Saturday, March 26, 2011

A "Warriors path" and not being on one...

Let me begin by saying that I have nothing but respect, even admiration for those who have dedicated themselves to the betterment of self, and the protection of others, through the use of combat and martial means. For those who serve their communities by being the thin line between those communities and those who would seek their ruin, for those who serve their country by traveling to distant lands thousands of miles from home, I salute you with as much gusto as I can muster. I realize these sort of intro's will often transition into a critique or diatribe about some aspect of the police or military, but that isn't where I am going with this.

I am a fighter, I always have been. I know how to fight, how to defend myself and those I care about, and have done my best to help those who can't; but I am not, nor have I ever considered myself, a warrior. I suppose it comes down to how I understand the concept, and my feelings are divided. On the one hand, I understand the historicity of the word, the issue of caste/class and profession and the philosophy behind many different cultural understandings of the term. On the other, from my own religious perspective, there are deities who are overtly associated with war and combat. Further we have (to some greater or lesser degree) a conception of "paths" or perhaps even "modes". The two most common "paths", at least from my own experience in CR, tends towards either the Warrior (laoch/ gaiscíoch) or the Poet (filid). I should mention at this point that another, fairly common "path" is also out there, though with less fanfare or flourish, that of the Homesteader/Hearth focused (baile/ tinteán) which is where I find myself. Of course, many choose not to carve up their practices or delineate so cleanly. However, many will have specific patrons to whom they are pledged or clientele of, and often (but not always) their patronage is predicated upon their profession. It can often be a chicken/egg dilemma when it comes to deciding what came first. Was this particular deity always pulling you towards them, or were you pulled because of some predisposed affinity? I suppose these are the sorts of mysteries we must contend with.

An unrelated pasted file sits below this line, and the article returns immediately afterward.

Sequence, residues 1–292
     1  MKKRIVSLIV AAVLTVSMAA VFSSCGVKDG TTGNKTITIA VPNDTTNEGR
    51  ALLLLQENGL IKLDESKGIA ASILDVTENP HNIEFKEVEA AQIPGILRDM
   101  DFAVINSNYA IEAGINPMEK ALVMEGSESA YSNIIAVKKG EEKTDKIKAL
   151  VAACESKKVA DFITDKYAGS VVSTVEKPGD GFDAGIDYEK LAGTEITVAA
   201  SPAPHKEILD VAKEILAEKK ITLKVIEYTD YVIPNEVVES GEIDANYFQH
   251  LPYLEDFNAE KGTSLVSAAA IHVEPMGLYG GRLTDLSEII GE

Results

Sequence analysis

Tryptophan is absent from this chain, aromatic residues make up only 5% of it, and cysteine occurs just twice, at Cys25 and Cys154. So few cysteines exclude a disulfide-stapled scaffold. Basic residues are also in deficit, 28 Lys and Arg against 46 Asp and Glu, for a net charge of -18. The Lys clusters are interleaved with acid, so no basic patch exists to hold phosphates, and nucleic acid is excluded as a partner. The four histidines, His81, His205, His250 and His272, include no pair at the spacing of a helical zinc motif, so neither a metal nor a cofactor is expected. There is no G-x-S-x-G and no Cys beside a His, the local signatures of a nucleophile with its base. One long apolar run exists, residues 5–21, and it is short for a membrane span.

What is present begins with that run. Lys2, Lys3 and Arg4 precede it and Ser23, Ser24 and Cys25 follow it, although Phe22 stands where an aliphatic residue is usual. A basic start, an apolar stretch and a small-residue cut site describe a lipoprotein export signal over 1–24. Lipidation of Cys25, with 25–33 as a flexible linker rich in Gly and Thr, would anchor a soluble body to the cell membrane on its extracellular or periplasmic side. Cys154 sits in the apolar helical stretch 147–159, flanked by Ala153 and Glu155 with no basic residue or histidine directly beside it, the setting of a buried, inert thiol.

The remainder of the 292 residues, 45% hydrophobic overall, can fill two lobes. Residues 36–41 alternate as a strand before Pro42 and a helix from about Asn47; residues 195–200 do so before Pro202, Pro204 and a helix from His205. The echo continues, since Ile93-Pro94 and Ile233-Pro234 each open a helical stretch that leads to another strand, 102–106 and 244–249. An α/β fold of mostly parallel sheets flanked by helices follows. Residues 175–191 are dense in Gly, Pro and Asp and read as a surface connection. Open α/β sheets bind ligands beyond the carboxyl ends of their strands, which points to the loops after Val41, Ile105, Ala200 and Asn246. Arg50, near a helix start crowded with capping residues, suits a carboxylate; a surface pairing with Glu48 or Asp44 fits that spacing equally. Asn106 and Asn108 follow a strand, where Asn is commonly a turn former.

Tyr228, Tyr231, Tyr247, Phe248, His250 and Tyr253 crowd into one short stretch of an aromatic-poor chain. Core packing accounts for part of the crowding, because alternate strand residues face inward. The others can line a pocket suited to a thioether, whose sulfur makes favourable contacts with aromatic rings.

I have mentioned it before, but I have become certain that I have a calling, and that it is inextricably linked with my profession. As such, I have a patron god to whom I am pledged, who I believe has had some influence over my path, as it were. There is some evidence to support the notion that among the "Celts" ones patron deities were, when not household or familial, based upon profession or craft. Most of the Irish texts dealing with the Tuatha de Danann, suggest that most of them were associated with some skill, craft, art or profession; and it seems likely that if they are in some regards reflective of pre-Christian beliefs, the probability of different professions making sacrifices to specific deities is reasonably high. If profession is too specific, perhaps function is a better way of approaching these relationship; especially when one seeks (to some extent) map professions which simply did not exist to deities which may have associations with specific aspects of life.